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XII. Such constitutions, I contend, that rapidly and severely feel the effects of errors, are weaker than the others. A weak man is but one step removed from a sickly man, but a sickly man is weaker still, and is more apt to suffer distress whenever he misses the due season. And, while the art can admit of such nice exactness, it is difficult always to attain perfect accuracy. But many departments of medicine have reached such a pitch of exactness, and I will speak about them later. I declare, however, that we ought not to reject the ancient art as non-existent, or on the ground that its method of inquiry is faulty, just because it has not attained exactness in every detail, but much rather, because it has been able by reasoning to rise from deep ignorance to approximately perfect accuracy, I think we ought to admire the discoveries as the work, not of chance, but of inquiry rightly and correctly conducted.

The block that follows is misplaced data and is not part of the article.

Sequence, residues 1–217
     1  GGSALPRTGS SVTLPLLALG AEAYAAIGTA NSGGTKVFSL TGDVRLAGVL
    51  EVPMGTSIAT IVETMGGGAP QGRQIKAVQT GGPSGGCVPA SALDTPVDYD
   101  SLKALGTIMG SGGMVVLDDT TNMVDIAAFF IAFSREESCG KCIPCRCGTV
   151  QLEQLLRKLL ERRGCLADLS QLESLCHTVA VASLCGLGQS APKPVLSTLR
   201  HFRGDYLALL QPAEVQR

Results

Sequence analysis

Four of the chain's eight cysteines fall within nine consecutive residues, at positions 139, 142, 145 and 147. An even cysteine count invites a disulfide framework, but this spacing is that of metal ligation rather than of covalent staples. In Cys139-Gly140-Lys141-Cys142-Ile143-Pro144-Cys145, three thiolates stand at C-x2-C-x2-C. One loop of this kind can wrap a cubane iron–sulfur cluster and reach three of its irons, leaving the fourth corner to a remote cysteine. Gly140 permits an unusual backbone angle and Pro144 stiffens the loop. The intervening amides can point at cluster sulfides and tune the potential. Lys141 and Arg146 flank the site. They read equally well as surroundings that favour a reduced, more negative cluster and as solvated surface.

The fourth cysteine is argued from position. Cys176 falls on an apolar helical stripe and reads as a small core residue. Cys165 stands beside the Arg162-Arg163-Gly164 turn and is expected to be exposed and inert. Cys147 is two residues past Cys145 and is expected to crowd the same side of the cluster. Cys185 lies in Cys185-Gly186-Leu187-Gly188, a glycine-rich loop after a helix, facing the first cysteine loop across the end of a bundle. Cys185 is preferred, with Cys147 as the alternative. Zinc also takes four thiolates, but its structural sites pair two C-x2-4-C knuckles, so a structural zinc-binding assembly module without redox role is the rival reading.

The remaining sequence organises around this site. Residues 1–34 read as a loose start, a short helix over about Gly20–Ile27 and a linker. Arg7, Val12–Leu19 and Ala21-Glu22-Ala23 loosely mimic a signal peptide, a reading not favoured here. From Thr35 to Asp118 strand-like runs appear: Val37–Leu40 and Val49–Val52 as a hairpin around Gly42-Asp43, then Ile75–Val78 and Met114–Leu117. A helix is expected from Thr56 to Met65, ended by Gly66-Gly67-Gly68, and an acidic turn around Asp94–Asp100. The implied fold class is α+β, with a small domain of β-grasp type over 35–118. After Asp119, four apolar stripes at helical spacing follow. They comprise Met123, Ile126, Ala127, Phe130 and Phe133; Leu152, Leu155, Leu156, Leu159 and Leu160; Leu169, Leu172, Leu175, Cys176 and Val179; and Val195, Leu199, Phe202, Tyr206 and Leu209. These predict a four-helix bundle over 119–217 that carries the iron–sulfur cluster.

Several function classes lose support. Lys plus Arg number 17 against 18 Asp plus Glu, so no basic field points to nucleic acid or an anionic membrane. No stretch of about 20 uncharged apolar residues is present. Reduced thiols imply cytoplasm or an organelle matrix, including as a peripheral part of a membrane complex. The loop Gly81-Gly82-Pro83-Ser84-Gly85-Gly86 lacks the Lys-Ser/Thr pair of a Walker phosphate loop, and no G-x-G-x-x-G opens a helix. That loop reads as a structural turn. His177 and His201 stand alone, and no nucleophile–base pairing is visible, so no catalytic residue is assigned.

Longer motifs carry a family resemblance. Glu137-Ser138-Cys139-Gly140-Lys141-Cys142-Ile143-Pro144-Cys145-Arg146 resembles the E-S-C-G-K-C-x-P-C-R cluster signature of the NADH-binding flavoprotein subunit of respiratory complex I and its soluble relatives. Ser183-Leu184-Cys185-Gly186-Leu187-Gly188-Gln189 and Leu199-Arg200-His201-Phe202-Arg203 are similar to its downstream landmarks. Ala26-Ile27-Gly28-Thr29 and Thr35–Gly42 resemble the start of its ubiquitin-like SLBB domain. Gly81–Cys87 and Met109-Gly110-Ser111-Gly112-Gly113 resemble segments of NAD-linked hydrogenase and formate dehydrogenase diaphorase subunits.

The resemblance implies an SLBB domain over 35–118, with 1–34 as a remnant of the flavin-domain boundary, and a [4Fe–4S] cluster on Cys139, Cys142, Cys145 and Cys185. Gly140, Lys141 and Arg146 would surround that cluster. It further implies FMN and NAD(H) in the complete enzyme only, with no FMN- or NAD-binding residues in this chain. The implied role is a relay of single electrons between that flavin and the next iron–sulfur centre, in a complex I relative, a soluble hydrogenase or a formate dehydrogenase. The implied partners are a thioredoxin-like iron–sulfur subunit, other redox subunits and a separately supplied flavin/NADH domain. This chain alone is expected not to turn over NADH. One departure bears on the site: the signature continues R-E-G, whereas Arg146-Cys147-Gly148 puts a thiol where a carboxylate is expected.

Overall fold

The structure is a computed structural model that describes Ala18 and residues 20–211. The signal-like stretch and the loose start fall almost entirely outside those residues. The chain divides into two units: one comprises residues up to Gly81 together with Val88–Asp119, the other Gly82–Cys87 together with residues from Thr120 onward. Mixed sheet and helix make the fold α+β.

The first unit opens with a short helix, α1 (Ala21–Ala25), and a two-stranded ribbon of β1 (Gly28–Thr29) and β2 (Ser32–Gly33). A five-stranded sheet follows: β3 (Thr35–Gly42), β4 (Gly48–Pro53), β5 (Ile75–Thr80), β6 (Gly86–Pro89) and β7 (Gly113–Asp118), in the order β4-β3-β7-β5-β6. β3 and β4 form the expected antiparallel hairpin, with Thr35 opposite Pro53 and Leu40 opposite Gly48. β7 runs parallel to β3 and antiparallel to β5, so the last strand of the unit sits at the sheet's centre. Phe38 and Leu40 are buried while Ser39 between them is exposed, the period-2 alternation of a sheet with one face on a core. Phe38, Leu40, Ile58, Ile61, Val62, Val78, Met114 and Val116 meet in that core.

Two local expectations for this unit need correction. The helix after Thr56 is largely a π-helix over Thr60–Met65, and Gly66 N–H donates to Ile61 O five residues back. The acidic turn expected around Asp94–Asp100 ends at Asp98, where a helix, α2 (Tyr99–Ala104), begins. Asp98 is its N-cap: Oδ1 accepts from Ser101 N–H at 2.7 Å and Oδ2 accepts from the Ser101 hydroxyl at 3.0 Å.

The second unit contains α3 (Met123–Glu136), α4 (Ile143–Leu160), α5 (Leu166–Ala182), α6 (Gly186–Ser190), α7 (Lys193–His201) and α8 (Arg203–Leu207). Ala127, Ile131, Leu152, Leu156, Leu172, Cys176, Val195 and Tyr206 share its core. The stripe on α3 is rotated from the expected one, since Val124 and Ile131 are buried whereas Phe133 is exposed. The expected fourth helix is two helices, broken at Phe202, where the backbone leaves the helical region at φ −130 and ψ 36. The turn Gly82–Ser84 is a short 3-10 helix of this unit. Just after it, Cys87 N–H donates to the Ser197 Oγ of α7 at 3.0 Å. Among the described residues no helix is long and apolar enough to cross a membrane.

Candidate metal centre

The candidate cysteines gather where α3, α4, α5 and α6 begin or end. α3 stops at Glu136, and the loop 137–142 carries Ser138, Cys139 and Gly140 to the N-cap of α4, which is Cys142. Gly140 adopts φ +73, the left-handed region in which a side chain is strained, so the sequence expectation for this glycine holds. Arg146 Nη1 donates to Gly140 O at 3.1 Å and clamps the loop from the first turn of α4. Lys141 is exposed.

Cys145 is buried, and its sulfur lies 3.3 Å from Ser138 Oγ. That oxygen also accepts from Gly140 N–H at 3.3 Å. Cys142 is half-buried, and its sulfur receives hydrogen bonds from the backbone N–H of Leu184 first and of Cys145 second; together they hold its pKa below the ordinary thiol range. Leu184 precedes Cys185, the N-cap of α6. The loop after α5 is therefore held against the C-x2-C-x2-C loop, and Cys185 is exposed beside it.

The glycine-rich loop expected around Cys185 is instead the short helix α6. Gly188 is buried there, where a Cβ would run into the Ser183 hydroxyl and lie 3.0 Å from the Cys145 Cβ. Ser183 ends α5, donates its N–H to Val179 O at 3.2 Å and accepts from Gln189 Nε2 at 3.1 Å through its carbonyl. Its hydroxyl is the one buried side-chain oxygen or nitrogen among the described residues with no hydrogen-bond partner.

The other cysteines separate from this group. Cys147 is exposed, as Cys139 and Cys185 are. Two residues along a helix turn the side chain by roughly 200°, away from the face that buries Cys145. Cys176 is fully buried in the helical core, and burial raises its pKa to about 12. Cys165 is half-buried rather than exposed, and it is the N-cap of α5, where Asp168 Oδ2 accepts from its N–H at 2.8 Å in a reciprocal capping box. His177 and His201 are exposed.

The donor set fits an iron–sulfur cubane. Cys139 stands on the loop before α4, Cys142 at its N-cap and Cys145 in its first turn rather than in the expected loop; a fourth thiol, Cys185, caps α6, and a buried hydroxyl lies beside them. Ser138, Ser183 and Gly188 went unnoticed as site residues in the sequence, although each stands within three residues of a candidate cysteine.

[p. 35]

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